(Bloomberg) -- China’s ever-expanding oil refining capacity will increase competition among crude processors around the world and weigh on their margins, the nation’s biggest energy producer said.Refining capacity will reach 900 million tons this year and rise to 980 million tons by 2025, according to a report from Economics & Technology Research Institute, which is affiliated with China National Petroleum Corp. Capacity will outstrip local demand by at least 160 million tons a year by 2025, CNPC said.A frenzy of refinery building means China is on track to surpass the U.S. as the world’s biggest crude processor this year, while a government drive to de-carbonize the economy will weigh on demand growth for fuels like diesel and gasoline later in the decade. The growing imbalance between supply and consumption in China is set to lead to an increase in its fuel exports.See also: China’s Mega-Refineries Throttling Other Asia Oil ProcessorsIn the shorter term, worldwide refining margins will be under pressure as global production is gradually restored following the pandemic, CNPC said in the report. It forecast China’s net fuel exports will jump by 32% to 54.7 million tons this year. Domestic demand for diesel, gasoline and kerosene will peak at around 376 million tons in 2025 and then plateau from there, the Chinese energy giant said.Processing capacity at China’s independent, or non-state-owned refiners, will account for 29.2% of the total this year, CNPC said. A total of 34 refiners in the country will have capacity of over 10 millions tons a year, it said.Here are the new Chinese refining projects listed by CNPC through 2025:China is expected to process 705 million tons of oil this year, a 4.5% increase from 2020. The rise in throughput can be mostly attributed to Zhejiang Petroleum & Chemical Co. and the Sino-Kuwait joint venture refineries. Nationwide, run rates are forecast to average 78% as some plants are phased out, up from 76% last year, according to CNPC.(Updates with forecast of Chinese throughput in final paragraph.)For more articles like this, please visit us at bloomberg.comSubscribe now to stay ahead with the most trusted business news source.©2021 Bloomberg L.P.
(Bloomberg) -- Oil edged higher at the end of a week in which prices have climbed on optimism the recovery in demand from the Covid-19 pandemic is improving.Futures in New York rose on Friday and are up more than 7% this week. China’s economy soared in the first quarter, while the country’s refiners processed more than 14 million barrels a day again in March. A Chinese mega-refiner and some Japanese oil companies have also been snapping up crude cargoes, boding well for the physical market.Positive signs from Asia follow a pick-up in the U.S. this week. Data in recent days showed jobless claims falling to a new pandemic-era low, and retail sales and gasoline demand expanding. The global market may see a temporary lull due to new virus outbreaks, according to the the International Energy Agency, but the agency followed OPEC in boosting its full-year estimates for consumption.Not everywhere is recovering strongly, though. In India, refineries are diverting oxygen produced at their plants to hospitals to help battle a serious second wave, which has led to fuel sales tumbling during the first half of April compared with a month earlier.“Given the improving outlook for the world’s two biggest economies, there is little chance of the market’s feel-good glow being extinguished anytime soon,” said PVM Oil Associates analyst Stephen Brennock.With Asian buying picking up, gauges of market strength have also climbed. Brent’s nearest timespread was in a bullish backwardation of 50 cents a barrel on Friday. That compares with as little as 37 cents on Wednesday.The market is also facing an increase in supply in the coming months, although the Organization of Petroleum Exporting Countries said this week that rising demand should trim global stockpiles. Exports of Russia’s flagship Urals crude are set to rise sharply in the first five days of May, a move that pressured swap markets tied to the grade.For more articles like this, please visit us at bloomberg.comSubscribe now to stay ahead with the most trusted business news source.©2021 Bloomberg L.P.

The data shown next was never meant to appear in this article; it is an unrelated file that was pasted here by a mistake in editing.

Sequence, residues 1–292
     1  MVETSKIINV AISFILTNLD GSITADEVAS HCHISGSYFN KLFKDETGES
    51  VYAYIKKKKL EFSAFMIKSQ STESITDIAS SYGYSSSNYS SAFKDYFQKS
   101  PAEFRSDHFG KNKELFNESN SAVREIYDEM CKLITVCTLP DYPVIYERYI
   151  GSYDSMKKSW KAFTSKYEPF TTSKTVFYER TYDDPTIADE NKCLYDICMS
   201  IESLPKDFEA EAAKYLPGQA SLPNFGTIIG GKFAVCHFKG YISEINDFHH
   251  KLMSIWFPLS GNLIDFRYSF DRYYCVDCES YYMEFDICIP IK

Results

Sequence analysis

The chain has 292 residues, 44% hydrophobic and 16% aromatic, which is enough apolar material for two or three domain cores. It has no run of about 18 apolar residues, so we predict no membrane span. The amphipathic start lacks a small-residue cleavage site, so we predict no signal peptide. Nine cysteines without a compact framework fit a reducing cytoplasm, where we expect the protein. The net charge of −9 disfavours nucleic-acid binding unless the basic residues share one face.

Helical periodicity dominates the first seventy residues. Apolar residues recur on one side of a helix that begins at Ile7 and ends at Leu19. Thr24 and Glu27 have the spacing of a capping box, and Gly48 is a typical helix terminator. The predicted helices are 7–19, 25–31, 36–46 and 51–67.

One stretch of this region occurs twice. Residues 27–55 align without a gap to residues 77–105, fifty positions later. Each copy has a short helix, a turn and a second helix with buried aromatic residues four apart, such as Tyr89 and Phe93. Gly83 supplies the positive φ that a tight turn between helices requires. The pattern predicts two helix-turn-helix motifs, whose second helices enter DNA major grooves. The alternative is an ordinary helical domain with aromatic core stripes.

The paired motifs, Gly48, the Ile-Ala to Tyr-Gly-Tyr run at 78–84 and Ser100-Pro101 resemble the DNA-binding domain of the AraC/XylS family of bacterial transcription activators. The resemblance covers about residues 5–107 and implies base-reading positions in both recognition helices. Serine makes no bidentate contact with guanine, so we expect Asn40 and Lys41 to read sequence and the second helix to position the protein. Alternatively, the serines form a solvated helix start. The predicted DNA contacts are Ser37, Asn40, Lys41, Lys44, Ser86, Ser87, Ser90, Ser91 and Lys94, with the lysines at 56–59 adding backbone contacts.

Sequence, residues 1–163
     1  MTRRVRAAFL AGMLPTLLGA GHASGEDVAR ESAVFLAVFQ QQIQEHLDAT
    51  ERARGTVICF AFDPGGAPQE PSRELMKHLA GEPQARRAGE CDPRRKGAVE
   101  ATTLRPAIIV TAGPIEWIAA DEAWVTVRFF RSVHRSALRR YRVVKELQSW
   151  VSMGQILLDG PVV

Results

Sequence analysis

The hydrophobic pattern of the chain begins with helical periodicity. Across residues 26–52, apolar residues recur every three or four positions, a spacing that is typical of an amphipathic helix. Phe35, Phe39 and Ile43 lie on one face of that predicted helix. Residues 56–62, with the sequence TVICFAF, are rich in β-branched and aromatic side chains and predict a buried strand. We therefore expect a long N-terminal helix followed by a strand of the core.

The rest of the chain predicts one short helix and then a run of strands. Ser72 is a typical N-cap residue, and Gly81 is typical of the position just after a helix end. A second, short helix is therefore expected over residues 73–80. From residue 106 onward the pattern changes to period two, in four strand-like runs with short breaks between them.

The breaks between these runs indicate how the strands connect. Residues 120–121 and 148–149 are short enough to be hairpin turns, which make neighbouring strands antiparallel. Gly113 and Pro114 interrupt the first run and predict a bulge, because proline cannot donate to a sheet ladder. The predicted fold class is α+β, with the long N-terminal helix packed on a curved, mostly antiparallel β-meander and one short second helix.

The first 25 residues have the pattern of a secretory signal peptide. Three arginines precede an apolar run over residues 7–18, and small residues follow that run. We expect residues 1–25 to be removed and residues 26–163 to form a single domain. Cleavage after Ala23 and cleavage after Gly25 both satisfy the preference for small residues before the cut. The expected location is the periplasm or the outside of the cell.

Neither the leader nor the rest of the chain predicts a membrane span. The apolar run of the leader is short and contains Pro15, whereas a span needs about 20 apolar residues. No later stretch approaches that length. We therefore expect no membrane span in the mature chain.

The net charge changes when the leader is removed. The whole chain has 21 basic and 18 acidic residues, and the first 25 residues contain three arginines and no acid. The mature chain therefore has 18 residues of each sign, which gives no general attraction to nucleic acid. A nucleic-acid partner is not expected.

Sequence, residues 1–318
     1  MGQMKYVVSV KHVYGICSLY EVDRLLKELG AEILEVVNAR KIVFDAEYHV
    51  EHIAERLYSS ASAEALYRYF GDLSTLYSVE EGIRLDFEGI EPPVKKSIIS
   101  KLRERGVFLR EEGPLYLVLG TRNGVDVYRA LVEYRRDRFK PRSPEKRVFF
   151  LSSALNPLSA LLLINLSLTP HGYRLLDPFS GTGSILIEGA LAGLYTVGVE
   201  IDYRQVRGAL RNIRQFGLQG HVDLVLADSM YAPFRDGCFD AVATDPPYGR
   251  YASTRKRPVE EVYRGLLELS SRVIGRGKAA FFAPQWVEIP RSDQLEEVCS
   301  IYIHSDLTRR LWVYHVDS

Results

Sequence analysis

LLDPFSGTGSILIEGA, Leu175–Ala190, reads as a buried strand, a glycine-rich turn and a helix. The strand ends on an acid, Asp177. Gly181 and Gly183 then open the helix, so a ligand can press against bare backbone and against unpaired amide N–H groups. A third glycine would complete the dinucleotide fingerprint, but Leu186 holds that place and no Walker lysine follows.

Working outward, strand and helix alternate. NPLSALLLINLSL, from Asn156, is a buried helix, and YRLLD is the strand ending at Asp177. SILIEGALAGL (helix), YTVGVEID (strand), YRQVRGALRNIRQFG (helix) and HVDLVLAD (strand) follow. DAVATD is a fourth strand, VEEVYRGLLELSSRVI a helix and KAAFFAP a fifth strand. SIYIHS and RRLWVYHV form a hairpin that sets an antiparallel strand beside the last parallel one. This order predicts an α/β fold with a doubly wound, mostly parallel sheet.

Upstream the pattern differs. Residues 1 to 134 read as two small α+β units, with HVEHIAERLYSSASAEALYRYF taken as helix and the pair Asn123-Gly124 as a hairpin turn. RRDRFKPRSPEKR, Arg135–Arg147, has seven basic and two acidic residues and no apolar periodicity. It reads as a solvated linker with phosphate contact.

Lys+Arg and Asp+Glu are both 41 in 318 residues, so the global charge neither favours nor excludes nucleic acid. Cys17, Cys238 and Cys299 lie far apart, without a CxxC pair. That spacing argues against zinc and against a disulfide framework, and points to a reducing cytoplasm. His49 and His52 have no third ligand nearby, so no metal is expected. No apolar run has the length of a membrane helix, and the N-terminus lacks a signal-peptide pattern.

(Bloomberg) -- The physical crude market in Asia has been reinvigorated amid a rise in buying by a Chinese mega-refiner as well as some Japanese oil companies, boding well for improved consumption.Rongsheng Petrochemical Co. came to the market early this month to snap up about 7 million barrels of Middle Eastern varieties for June-July delivery. That’s up from 5 million barrels bought in March, and puts it on course for the biggest monthly purchase since October, according to data compiled by Bloomberg. In addition, spot differentials of Russia’s ESPO cargoes have started off stronger, trading $1 above the last reported deal.The pick-up in activity across the key Asian market comes amid a flurry of signs that global oil consumption is improving as economies including the U.S. shake off the impact of the pandemic. This week, both the International Energy Agency and Organization of Petroleum Exporting Countries issued positive outlooks, even as the cartel and its allies plan to ease supply curbs. So far in 2021, Brent futures have soared 30%, and last traded near $67 a barrel.In Asia, traders had been waiting for further signs of improved demand across the region after buying of spot cargoes by China was muted in March, weakening the overall Asian physical market. That retreat of Chinese buyers coincided with its bigger intake of U.S.-sanctioned Iranian crude, and as higher prices and the backwardated market structure incentivized local de-stocking.While the spot crude purchases of China’s smaller independent refiners will be observed in the coming days, the nation is clearly leading the global recovery in oil consumption. Its refineries processed near-record volumes of crude last month, contributing toward record economic growth in the first quarter.See also: China’s March Apparent Oil Demand Rises 22.5% Y/yRongsheng’s Singapore unit purchased 6 million barrels of Abu Dhabi’s Murban and Upper Zakum, along with a further 1 million barrels of Qatar’s Al-Shaheen for delivery to Zhoushan, according to traders who asked not to be identified.Rongsheng is not alone, with Japanese refiners also out early to secure Middle Eastern supplies. In addition, other processors such as Thailand’s PTT Pcl and Japan’s Fuji Oil Co. issued tenders on Friday to purchase sour grades from the Persian Gulf, of which results will most likely surface next week.For more articles like this, please visit us at bloomberg.comSubscribe now to stay ahead with the most trusted business news source.©2021 Bloomberg L.P.